Clay Buchholz has been making quick work of opposing hitters this spring.

Never mind that Buchholz has allowed only one run in 131⁄3 innings over four spring training starts. The most impressive thing about the right-hander has been the faster pace at which he has worked, a point of emphasis for several Red Sox starters under the tutelage of new pitching coach Juan Nieves.

“The pace of the game is big for me,” Buchholz said after allowing nothing more than a solo homer to Pirates second baseman Neil Walker over five innings in the Red Sox’ 4-3 loss. “That does a lot to help me. It’s more just, get the ball and get a pitch and throw it and take all the thinking out of it. It’s been particularly one of my problems that whenever something hits the fan, I slow the game down and make sure I’m doing the right thing, and sometimes that might hurt me more than it’ll help me.”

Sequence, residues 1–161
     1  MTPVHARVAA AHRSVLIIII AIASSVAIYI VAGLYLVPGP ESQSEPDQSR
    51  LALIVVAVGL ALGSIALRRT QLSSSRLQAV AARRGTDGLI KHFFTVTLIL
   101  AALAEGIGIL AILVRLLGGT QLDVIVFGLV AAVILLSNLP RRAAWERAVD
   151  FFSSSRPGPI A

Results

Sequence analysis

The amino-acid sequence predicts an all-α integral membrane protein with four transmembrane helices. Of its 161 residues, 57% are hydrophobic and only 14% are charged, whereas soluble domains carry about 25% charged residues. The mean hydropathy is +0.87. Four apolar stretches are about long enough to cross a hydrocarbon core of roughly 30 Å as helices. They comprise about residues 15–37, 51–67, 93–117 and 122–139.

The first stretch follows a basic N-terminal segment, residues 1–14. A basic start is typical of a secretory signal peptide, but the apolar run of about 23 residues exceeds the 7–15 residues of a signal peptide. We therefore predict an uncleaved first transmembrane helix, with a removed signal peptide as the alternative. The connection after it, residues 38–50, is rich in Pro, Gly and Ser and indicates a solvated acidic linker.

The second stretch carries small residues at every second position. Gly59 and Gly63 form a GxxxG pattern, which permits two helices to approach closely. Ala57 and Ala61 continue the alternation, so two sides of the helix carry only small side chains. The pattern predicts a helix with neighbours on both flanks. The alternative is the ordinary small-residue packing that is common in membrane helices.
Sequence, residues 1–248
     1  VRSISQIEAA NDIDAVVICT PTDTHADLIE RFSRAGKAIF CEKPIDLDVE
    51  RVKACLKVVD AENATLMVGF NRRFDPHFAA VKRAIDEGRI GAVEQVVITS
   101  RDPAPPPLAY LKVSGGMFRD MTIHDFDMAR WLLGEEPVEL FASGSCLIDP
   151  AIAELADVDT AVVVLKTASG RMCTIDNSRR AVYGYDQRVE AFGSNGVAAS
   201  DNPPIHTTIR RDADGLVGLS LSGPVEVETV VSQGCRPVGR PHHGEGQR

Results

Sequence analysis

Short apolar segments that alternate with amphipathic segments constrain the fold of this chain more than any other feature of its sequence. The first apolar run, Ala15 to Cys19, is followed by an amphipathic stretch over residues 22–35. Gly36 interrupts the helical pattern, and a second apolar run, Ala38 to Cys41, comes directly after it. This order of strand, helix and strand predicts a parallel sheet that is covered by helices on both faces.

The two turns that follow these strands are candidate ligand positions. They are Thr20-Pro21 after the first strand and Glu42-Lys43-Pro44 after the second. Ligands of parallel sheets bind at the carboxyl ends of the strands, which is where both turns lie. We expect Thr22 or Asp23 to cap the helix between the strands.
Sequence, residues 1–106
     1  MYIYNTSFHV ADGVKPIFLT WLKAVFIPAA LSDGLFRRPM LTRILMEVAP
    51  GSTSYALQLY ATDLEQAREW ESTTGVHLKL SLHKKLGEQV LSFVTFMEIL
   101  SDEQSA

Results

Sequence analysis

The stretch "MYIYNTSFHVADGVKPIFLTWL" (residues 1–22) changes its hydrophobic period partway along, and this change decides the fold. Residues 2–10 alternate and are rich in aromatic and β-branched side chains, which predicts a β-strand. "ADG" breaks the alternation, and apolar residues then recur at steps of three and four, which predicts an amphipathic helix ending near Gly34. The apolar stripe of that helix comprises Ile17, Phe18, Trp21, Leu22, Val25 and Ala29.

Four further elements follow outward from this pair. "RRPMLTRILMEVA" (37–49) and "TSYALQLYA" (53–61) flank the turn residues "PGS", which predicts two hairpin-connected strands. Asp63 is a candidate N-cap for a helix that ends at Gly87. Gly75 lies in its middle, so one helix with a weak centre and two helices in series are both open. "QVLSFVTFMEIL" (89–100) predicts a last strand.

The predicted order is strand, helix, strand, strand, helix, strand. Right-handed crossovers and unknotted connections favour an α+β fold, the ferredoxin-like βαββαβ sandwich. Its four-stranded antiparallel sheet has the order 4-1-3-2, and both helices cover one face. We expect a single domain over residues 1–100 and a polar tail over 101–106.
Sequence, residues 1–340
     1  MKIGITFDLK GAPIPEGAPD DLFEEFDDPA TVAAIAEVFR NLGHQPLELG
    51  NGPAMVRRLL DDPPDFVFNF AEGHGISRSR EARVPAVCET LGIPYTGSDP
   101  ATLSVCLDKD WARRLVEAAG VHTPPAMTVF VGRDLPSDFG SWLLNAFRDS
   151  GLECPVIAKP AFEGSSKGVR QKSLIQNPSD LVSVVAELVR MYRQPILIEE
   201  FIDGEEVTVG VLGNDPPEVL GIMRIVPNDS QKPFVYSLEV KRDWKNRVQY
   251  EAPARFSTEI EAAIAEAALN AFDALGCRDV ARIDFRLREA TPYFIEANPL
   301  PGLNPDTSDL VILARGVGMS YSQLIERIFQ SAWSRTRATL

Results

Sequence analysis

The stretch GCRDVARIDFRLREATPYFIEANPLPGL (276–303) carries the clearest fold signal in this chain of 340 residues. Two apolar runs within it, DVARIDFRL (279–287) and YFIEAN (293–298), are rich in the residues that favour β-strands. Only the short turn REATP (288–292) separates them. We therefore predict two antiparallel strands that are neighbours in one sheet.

Left-hander Jon Lester also has discussed the Sox’ goal of pitching with a better tempo. Nieves brought over the philosophy from the Chicago White Sox, where pitching coach Don Cooper stresses it to his pitchers, and has been preaching it to Lester, Buchholz and Felix Doubront. Buchholz also said veteran right-hander Ryan Dempster, who signed with the Red Sox in the offseason, has set an example for working quickly.

Manager John Farrell also has offered his endorsement. As the Blue Jays manager last season, Farrell noticed Red Sox pitchers tended to work at a snail’s pace, especially with runners on base. He suggested the trend may have started when he was the Sox pitching coach and Josh Beckett and Jonathan Papelbon were notorious for taking their time on the mound.